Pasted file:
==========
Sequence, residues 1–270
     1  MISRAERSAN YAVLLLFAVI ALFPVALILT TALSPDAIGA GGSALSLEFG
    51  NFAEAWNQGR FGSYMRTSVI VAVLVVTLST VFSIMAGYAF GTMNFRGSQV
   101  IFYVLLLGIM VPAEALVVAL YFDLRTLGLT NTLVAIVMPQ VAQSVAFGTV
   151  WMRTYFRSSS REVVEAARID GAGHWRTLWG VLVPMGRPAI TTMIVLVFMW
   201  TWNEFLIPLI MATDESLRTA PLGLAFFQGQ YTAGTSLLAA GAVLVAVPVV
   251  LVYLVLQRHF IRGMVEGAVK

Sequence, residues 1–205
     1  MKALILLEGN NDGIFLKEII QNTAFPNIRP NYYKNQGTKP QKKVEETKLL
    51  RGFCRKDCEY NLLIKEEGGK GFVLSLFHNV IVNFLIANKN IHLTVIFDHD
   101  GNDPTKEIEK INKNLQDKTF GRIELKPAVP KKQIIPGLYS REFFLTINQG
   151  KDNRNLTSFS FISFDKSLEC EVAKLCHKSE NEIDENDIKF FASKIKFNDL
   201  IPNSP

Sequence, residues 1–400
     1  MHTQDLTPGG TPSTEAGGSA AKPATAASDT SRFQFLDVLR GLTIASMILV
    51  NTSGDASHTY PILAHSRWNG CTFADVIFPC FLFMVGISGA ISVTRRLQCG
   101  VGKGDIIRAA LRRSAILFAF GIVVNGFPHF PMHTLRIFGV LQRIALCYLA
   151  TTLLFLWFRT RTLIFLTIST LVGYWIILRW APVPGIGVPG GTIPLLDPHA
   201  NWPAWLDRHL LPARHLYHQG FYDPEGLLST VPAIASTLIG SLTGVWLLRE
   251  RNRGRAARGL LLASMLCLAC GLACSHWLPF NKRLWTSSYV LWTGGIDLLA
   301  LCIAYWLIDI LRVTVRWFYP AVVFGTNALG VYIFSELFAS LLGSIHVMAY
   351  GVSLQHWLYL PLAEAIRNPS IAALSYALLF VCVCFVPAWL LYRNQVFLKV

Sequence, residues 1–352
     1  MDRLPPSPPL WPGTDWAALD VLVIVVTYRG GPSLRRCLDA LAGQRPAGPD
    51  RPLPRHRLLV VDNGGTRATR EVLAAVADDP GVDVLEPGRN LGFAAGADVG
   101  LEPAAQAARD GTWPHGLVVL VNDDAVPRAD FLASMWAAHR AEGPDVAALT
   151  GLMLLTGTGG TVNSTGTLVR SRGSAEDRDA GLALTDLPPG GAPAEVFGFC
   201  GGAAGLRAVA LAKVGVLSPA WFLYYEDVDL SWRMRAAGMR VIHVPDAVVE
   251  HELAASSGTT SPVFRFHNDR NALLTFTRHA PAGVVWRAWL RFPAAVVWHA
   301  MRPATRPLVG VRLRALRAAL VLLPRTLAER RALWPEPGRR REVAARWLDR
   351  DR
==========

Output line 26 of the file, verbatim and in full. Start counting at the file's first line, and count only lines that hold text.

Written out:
   101  LEPAAQAARD GTWPHGLVVL VNDDAVPRAD FLASMWAAHR AEGPDVAALT